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Vanya Agrawal v/s Rajasthan University of Health Sciences & Others

    D.B. Special Appeal (Writ) No. 1066 of 2019 in S.B. Civil Writ Petition No. 10127 of 2019

    Decided On, 11 July 2019

    At, High Court of Rajasthan Jaipur Bench

    By, THE HONOURABLE MR. JUSTICE MOHAMMAD RAFIQ & THE HONOURABLE MR. JUSTICE NARENDRA SINGH DHADDHA

    For the Appellant: Sandeep Singh Shekhawat, Advocate. For the Respondents: Mahendra Shah, Vigyan Shah, Akshit Gupta, Kamlesh Sharma, Raja Ram Choudhary, Mukesh Agarwal, Harshal Tholia, Advocates on behalf of Dr. Vibhuti Bhushan Sharma, AAG.



Judgment Text

Mohammad Rafiq. J,

This appeal has been preferred by Vanya Agrawal assailing judgment dated 04.07.2019 passed by the learned Single Judge of this Court whereby writ petition filed by her has been dismissed. The appellant in the writ petition had prayed for direction to the respondents to draw a separate merit list of Non- Resident Indians (for short ‘NRIs’) by giving preference to the actual Non-Resident Indians over the NRI sponsored candidates. Further prayer was made to direct the respondents to amend order dated 29.04.2019 in consonance with the Notification dated 15.06.2018.

Mr. Sandeep Singh Shekhawat, learned counsel for the appellant relied before this Court upon Constitution Bench judgment of the Supreme Court in

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P.A. Inamdar & Others Vs. State of Maharashtra & Others, (2005) 6 SCC 537, especially the observations made in para 131 of the Report. Learned counsel argued that it has been held in the aforesaid judgment that priority for admission to MBBS Course in the NRI quota should be given to the children of bona fide NRIs, who themselves were NRIs as the purpose was to facilitate integration of children of NRIs studying abroad into the cultural, ethos and society in India. It is argued that appellant’s parents are NRIs, having their abode in Abu Dhabi for last several years. Therefore, the appellant herself is an NRI, who passed her Senior Secondary School Examination from the Abu Dhabi Indian School, affiliated to CBSE. A certificate to this effect has also been issued by the Embassy of Abu Dhabi.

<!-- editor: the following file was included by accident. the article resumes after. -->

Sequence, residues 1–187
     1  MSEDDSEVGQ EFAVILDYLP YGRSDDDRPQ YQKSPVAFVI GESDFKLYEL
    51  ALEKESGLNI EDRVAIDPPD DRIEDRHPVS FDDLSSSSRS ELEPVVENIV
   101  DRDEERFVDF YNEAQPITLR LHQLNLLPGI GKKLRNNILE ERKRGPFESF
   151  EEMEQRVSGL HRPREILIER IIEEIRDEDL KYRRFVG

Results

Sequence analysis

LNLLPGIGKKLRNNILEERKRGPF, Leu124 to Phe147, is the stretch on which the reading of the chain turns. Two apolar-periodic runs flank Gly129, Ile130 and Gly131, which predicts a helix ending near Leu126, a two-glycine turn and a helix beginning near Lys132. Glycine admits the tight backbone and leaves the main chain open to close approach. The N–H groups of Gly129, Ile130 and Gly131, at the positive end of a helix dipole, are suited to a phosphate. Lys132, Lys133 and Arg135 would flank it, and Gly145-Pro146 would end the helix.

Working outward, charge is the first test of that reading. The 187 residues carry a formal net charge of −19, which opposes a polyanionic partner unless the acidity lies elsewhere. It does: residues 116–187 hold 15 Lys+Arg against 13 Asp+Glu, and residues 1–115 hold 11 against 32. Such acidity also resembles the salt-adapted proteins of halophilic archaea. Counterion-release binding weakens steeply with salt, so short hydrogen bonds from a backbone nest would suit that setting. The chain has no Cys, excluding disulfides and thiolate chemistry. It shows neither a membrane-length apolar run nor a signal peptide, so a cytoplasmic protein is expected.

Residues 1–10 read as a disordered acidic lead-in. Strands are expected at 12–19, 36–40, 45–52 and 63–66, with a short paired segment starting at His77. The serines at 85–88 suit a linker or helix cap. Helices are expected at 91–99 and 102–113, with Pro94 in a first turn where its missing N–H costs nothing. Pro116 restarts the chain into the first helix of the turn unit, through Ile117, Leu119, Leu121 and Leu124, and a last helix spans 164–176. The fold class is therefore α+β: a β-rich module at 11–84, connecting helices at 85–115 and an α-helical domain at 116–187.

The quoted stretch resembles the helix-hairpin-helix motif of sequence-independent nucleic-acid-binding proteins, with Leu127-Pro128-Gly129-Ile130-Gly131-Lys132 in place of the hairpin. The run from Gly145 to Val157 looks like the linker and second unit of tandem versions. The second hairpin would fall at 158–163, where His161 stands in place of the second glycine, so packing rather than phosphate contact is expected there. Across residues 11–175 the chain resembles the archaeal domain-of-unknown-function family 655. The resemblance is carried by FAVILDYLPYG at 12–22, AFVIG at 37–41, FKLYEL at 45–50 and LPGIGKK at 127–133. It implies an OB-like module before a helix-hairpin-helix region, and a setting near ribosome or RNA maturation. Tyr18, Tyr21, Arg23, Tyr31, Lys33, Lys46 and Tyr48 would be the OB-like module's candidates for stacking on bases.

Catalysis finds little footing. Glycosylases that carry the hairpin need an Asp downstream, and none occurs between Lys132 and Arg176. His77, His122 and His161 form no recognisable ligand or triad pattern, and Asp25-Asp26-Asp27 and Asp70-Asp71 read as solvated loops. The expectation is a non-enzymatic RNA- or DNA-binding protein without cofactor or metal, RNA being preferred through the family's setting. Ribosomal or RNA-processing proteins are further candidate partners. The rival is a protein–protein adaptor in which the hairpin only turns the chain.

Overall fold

Although the Constitution Bench of the Supreme Court in P. A. Inamdar & Others (supra) observed that such seats should be utilized by bona fide NRIs only for their children or wards but not much discussion as to the distinction between wards of the NRIs themselves and those sponsored by them has been made therein. In a later judgment in Consortium of Deemed Universities in Karnataka (CODEUNIK) & Another Vs. Union of India & Others, W.P. (c) No. 689/2017 decided on 22.08.2017, the Supreme Court has issued certain directions for filling up NRI quota. The impugned policy of the State is in consonance with those directions, which is reflected from Clause 4(f) of the information booklet issued by the Office of the Chairman, Admission Board 2019. Learned Single Judge, while dismissing the writ petition, has noted that aforesaid Clause 4(f) has not been challenged by the appellant. Moreover, the Supreme Court in Consortium of Deemed Universities in Karnataka (CODEUNIK) & Another (supra) laid down the criterion for availing of the NRI quota for admission into MBBS Course following NEET UG. The said criterion has been verbatim incorporated in the information booklet issued by the Office of the Chairman, Admission Board 2019. Learned Single Judge noted that the operating guidelines in the State of Rajasthan for availing the NRI quota for admission to MBBS do not distinguish between the candidates who are bona fide NRIs themselves, with their parents also so being and wards as defined of bona fide NRIs.